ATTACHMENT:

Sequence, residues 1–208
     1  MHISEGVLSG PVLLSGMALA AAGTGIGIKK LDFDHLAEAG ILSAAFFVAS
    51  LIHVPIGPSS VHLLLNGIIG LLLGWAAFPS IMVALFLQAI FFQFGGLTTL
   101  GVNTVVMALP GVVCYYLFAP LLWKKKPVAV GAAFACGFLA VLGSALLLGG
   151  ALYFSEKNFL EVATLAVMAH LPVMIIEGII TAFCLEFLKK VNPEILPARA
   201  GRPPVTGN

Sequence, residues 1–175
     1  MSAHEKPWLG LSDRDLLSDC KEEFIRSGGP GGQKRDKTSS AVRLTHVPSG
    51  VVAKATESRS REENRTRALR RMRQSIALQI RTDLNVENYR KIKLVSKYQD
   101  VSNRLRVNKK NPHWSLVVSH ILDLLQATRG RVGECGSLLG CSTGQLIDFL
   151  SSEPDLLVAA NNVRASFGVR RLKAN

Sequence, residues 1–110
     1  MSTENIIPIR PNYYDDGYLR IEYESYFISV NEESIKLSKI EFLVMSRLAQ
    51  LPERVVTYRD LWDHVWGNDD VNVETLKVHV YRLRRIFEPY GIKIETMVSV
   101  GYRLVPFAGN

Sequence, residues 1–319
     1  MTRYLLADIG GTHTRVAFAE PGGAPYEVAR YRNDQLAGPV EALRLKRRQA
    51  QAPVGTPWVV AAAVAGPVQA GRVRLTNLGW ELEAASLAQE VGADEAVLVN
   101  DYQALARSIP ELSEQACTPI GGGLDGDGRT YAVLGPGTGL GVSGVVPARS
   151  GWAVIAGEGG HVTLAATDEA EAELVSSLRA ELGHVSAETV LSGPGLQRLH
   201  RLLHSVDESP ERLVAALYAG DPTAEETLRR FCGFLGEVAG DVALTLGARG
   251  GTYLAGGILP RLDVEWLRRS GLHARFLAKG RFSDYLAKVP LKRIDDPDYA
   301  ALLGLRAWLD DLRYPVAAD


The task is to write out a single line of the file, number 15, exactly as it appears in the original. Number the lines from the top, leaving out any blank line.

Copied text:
   101  GYRLVPFAGN